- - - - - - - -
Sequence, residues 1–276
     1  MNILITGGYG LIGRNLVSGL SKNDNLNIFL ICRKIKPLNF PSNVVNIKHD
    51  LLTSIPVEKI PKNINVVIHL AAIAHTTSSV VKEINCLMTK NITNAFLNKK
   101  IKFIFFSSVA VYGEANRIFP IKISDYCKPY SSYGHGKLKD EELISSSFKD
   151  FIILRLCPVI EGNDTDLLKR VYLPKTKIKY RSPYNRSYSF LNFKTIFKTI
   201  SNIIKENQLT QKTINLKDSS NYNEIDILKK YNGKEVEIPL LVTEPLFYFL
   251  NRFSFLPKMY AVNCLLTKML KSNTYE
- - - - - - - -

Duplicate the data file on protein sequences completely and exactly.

Sequence, residues 1–276
     1  MNILITGGYG LIGRNLVSGL SKNDNLNIFL ICRKIKPLNF PSNVVNIKHD
    51  LLTSIPVEKI PKNINVVIHL AAIAHTTSSV VKEINCLMTK NITNAFLNKK
   101  IKFIFFSSVA VYGEANRIFP IKISDYCKPY SSYGHGKLKD EELISSSFKD
   151  FIILRLCPVI EGNDTDLLKR VYLPKTKIKY RSPYNRSYSF LNFKTIFKTI
   201  SNIIKENQLT QKTINLKDSS NYNEIDILKK YNGKEVEIPL LVTEPLFYFL
   251  NRFSFLPKMY AVNCLLTKML KSNTYE